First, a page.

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Our building entrance has a set of double doors, the door that is fixed is latched to the top frame and to the floor through a hole in a stone saddle. The hole in the saddle is too big for that latch making the door not perfectly "fixed" (ie. it is loosely in place).

What material do you guys recommend could we use to fill the hole in the saddle (smaller than 1 inch in diameter) and then redo the hole?

Any suggestion/guidance will be welcome

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How big is the hole and how big is the latch? –  gregmac Aug 19 '13 at 17:39

2 Answers 2

up vote 0 down vote accepted

Why not put in a sleeve of brass or bronze?

  1. Figure out exactly where the pin will hit and crfeate a template.
  2. Get a piece of brass or bronze pipe whose indside diameter is a bit larger than the pin.
  3. Drill out the stone to fit the outer diameter of the pipe.
  4. Cut the pipe to a hair longer than the depth of the hole
  5. Epoxy The pipe in
  6. Gently file/emery the top edge to be flush with the stone.
  7. Chamfer the inner edge of the pipe slightly to allow the pin to slide in easier.

You could use copper, but it is much softer and will wear sooner (and turn green sooner). Steel will rust unless you can find stainless steel pipe.

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Perfect, I now have to find where to get scrap piping. Thanks for this solution. –  macutan Aug 20 '13 at 15:01

A picture would help, but if I'm understanding correctly, many of those latches come with a metal plate:

enter image description here

Find/make one of those, and then screw it into the floor appropriately. Eg, if it's stone, you'll have to pre-drill a hole with a concrete bit, and install it using concrete screws (eg, tapcons).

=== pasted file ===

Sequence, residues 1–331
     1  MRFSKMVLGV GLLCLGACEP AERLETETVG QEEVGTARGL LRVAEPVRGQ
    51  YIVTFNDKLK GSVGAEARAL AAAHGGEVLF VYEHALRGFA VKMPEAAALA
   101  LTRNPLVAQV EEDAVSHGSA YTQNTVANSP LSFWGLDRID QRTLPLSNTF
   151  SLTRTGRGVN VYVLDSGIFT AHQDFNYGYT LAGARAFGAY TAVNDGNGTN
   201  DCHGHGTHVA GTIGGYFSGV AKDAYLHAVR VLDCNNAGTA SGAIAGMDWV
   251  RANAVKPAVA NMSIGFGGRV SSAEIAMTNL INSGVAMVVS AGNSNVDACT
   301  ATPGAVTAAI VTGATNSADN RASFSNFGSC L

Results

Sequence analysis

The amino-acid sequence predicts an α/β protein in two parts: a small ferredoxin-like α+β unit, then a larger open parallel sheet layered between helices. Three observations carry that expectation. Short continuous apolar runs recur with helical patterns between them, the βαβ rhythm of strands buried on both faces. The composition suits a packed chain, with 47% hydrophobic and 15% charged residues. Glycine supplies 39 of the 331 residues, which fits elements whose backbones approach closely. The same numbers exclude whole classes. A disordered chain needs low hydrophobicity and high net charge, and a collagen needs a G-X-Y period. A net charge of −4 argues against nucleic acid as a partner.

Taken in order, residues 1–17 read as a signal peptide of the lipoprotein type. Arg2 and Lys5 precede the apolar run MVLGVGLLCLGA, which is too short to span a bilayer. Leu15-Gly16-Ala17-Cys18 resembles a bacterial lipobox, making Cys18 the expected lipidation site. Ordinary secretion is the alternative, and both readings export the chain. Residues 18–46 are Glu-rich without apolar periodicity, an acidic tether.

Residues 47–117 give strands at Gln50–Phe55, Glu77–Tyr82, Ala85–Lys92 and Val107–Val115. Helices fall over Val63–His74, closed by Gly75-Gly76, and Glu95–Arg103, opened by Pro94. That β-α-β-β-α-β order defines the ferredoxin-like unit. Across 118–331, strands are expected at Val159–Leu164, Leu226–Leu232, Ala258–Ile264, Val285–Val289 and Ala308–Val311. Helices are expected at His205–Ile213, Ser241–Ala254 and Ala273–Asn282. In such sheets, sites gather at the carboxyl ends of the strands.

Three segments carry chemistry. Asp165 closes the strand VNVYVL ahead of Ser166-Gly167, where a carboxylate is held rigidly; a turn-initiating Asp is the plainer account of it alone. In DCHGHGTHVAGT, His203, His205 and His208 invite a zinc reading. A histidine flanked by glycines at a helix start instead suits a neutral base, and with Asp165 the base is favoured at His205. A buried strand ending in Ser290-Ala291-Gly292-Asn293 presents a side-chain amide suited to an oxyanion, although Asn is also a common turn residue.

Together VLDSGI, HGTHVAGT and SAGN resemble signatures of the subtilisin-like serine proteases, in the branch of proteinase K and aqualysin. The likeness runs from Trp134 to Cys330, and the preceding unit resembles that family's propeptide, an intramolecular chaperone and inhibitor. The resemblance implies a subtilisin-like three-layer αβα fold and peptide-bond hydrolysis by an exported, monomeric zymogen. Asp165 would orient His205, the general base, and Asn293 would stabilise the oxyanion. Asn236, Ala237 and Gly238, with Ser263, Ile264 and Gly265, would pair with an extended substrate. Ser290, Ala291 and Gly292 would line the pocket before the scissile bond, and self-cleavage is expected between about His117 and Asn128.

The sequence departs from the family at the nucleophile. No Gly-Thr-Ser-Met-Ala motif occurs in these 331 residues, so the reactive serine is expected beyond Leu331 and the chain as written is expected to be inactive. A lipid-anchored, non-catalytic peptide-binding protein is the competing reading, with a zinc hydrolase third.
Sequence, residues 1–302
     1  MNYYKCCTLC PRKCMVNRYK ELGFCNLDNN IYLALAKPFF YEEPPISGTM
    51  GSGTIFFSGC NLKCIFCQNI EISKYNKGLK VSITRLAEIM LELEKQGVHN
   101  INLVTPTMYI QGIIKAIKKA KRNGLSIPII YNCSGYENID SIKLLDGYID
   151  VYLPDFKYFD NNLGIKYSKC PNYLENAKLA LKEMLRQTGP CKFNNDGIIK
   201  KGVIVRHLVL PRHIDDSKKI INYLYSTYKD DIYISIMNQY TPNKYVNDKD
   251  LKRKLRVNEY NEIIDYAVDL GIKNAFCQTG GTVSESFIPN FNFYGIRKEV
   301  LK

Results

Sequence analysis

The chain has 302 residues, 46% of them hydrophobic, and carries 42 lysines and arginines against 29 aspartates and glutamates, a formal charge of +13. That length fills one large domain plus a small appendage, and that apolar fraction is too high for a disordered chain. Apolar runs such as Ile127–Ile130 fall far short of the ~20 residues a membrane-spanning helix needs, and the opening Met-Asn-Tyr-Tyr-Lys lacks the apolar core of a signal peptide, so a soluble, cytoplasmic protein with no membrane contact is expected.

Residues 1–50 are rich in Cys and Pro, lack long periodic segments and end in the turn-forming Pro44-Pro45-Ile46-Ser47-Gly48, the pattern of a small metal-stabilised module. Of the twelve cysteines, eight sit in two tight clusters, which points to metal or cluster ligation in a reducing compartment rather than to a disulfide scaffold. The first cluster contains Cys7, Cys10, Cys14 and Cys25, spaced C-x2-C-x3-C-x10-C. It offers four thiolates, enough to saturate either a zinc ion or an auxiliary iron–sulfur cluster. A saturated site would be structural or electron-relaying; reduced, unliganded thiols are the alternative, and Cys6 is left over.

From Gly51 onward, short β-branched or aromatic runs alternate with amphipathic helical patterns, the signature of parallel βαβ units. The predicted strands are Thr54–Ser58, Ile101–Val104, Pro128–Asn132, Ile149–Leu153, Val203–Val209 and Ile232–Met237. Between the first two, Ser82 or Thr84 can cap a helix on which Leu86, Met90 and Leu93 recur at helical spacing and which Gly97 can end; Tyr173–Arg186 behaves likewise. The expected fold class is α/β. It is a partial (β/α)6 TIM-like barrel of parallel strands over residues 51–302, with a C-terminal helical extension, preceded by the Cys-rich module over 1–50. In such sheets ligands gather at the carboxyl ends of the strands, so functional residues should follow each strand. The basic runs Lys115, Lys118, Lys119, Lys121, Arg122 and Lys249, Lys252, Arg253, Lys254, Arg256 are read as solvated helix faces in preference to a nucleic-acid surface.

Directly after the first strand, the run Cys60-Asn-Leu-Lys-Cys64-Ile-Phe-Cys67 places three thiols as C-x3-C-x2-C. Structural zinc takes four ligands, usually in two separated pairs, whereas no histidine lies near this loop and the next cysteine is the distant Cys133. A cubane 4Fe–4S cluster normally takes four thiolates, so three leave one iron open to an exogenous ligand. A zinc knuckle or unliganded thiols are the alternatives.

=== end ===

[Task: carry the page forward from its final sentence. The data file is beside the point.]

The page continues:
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Apologies for not having a picture to hand. the latch is sort on the side of the door and the pin is inside the door. There is no metal plate like the one on your picture. I think our only option is to fill in the existing hole with some strong/durable material that won't break apart and redo a smaller hole. What material could we use? –  macutan Aug 19 '13 at 17:32
    
@macutan Even so, can you not get a metal plate underneath for it to go into? –  gregmac Aug 19 '13 at 17:34
    
the metal plate would have to be cut to size, I would imagine it would be easier to fill in the existing hole and re-drill (assuming that there is a type of fill-in concrete or other material that won't flake with time)... below link to similar flush bolt we have. door.cc/assets/pics/about%20interior%20doors/Flush-bolt-.jpg –  macutan Aug 19 '13 at 17:39
    
I was thinking hydraulic cement might work, but it sounds like you might be left with a very think piece of cement, which I'd be afraid would crumble easily. I'll let someone else add that answer that knows more about cement, minimum thickness and what pressure/strength to use. The metal plate would be more reliable and probably last as long as the door, and you could easily have it fabricated at a metal working shop. –  gregmac Aug 19 '13 at 17:53
1  
No, the plate version will not work at all, I put my comment in the wrong place. I meant you should epoxy the hardware that is loose in the hole, essentially a sleeve of epoxy instead of metal as in the answer you accepted. –  bcworkz Aug 21 '13 at 2:36

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